Even for performance art, this is pretty weird.

Is this what Spider-Man will be like once he hits 70?

In a double-slap to the eyeballs, a flock of old people recently descended upon Montreal to roost on the sides of buildings like huge insects. They sat on white chairs that were somehow stuck to the 90-degree surfaces, engaged in activities best described as "surreal mundane." One elderly woman folded laundry on her lap before carefully stacking it on her head. Others smoked cigarettes, read the newspaper, arranged flowers and, in the case of one happy grandpa, rocked out to an unknown rhythm with his hands.

The bending of the known laws of public space was performed by German choreographer Angie Hiesl, who in the 90s began mounting the elderly high up on facades for a long-running performance piece called "X-Times People Chair." Hiesl arranged the Montreal mind-screw in late May for the city's Festival TransAmériques, using performers within the geriatric sweet spot of 60 to 70 years old. The fest's organizers have cheekily dubbed her project "Old Masters," and describe it's concept thus:

Twenty feet above the sidewalk, white chairs are attached to the walls of buildings in the Latin Quarter, with ten senior citizens sitting on them.... All of them appear to be floating above everyday concerns, their strange position adding an enchanting note to the cityscape. Old age becomes urban poetry, insisting that we stop and take a look.

Affixed to the façades of buildings on St. Denis Street, they are an evocative display of passing time, blurring distinctions so that life becomes art. Some might walk by without noticing them, but others will raise their heads and stop to gaze at this surprising image of mature angels adding a touch of grace to the urban space.

Hiesl's goal apparently is to make us appreciate the elderly as works of art. While I can see how this performance accomplished that mission, when I'm in an art museum I've never fretted so much that a painting could slip off the wall:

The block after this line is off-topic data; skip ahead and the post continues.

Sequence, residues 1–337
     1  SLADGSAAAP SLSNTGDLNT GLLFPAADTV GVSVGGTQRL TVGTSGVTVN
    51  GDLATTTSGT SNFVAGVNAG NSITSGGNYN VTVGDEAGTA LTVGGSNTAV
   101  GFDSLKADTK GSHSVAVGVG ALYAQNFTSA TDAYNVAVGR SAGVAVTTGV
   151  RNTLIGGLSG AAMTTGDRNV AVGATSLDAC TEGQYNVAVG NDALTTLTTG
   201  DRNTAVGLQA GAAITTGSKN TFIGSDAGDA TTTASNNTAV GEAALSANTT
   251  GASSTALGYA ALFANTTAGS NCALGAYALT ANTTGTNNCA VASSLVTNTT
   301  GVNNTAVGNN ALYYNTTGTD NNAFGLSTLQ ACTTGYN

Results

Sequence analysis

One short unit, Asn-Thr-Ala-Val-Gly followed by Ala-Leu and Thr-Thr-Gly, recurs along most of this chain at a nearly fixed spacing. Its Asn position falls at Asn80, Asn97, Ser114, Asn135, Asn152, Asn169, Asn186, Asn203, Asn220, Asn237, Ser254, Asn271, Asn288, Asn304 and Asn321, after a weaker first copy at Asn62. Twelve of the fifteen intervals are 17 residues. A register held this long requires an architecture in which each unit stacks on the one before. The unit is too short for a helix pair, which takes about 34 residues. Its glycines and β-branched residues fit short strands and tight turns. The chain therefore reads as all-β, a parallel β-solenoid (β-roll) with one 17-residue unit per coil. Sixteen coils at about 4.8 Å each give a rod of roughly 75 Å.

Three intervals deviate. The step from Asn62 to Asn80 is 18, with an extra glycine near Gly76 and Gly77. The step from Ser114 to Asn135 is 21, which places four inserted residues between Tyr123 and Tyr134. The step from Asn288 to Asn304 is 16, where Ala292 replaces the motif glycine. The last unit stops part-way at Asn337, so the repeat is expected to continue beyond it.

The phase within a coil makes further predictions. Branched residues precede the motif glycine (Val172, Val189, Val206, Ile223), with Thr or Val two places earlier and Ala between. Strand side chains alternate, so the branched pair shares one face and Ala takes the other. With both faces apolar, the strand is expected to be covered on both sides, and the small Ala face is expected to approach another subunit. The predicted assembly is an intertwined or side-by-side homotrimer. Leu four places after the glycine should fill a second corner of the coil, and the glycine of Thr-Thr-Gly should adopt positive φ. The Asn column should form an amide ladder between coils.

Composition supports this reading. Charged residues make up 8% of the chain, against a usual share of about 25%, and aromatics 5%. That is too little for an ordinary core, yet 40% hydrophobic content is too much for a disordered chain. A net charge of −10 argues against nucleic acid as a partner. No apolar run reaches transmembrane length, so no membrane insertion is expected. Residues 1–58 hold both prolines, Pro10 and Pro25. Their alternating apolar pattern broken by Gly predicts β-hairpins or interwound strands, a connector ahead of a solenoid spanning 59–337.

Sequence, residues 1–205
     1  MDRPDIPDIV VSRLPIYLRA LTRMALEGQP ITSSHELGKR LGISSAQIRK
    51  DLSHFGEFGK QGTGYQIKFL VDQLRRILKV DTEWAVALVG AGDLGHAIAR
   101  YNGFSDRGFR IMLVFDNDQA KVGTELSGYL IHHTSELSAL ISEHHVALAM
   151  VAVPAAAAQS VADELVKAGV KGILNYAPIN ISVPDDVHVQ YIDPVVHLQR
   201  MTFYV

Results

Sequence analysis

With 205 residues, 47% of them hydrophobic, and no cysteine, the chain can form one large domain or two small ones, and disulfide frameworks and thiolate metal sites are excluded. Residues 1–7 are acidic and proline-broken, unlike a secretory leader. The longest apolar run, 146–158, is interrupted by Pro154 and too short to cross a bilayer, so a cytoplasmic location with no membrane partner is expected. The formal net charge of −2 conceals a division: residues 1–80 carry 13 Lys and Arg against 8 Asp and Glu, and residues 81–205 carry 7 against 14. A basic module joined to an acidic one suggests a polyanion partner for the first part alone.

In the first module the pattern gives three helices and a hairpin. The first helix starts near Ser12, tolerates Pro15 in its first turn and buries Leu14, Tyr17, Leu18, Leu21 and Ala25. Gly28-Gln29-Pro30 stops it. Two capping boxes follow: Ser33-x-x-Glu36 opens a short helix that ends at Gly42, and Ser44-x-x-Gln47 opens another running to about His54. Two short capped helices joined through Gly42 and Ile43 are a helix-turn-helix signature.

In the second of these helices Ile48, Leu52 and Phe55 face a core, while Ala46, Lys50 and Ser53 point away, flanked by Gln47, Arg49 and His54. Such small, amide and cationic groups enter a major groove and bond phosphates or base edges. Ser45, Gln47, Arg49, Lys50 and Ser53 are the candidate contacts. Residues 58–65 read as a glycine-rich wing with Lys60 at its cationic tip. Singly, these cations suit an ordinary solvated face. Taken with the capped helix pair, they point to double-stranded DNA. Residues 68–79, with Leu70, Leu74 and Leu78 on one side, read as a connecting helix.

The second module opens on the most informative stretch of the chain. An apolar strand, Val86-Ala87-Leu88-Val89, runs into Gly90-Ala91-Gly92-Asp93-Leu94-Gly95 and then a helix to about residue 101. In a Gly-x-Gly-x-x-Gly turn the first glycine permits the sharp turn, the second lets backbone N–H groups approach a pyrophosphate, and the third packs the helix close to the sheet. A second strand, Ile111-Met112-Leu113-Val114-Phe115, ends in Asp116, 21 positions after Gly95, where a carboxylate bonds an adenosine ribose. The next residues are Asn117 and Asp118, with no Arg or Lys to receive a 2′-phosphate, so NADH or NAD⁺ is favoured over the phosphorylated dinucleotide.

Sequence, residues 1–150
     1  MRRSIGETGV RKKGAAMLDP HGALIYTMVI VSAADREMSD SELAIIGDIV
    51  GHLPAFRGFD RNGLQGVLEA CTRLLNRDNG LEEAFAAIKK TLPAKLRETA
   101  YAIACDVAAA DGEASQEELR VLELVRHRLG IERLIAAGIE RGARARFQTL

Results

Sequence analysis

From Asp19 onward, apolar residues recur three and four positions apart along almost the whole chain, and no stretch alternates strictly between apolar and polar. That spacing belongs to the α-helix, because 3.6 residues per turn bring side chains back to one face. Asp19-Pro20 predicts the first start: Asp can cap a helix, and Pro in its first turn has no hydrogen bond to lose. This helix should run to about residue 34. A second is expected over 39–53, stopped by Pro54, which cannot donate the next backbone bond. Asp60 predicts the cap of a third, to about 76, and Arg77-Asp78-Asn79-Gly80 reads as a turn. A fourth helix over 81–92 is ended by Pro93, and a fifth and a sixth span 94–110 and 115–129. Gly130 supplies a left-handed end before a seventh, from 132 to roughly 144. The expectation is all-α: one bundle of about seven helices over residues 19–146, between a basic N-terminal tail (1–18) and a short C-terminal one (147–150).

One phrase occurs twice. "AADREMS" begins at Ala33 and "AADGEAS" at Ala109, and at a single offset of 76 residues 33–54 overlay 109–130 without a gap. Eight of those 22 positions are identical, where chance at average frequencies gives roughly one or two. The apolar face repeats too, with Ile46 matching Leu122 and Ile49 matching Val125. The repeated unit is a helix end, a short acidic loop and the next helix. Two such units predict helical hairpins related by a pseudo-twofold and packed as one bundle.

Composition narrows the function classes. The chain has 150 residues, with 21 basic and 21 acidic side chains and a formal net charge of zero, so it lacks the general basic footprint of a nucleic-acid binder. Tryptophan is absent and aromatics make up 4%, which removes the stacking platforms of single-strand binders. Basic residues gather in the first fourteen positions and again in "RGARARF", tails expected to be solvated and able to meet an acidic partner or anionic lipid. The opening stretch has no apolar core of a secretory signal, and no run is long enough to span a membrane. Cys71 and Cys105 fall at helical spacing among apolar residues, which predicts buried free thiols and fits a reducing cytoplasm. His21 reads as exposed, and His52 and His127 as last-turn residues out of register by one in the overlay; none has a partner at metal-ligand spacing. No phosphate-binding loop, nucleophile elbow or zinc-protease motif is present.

(All photos courtesy of art_inthecity on Flickr, except the bottom four images by fatseth. H/t to Visual News)

About the Author

Most Popular

  1. A photo of a police officer in El Paso, Texas.
    Equity

    What New Research Says About Race and Police Shootings

    Two new studies have revived the long-running debate over how police respond to white criminal suspects versus African Americans.

  2. Equity

    What Happened to Crime in Camden?

    Often ranked as one of the deadliest cities in America, Camden, New Jersey, ended 2017 with its lowest homicide rate since the 1980s.

  3. photo: Police line up outside the White House in Washington, D.C. as protests against the killing of George Floyd continue.
    Perspective

    America’s Cities Were Designed to Oppress

    Architects and planners have an obligation to protect health, safety and welfare through the spaces we design. As the George Floyd protests reveal, we’ve failed.

  4. Equity

    The Problem With Research on Racial Bias and Police Shootings

    Despite new research on police brutality, we still have no idea whether violence toward African Americans is fueled by racial prejudice. That has consequences.

  5. Four New York City police officers arresting a man.
    Equity

    The Price of Defunding the Police

    A new report fleshes out the controversial demand to cut police department budgets and reallocate those funds into healthcare, housing, jobs, and schools. Will that make communities of color safer?

×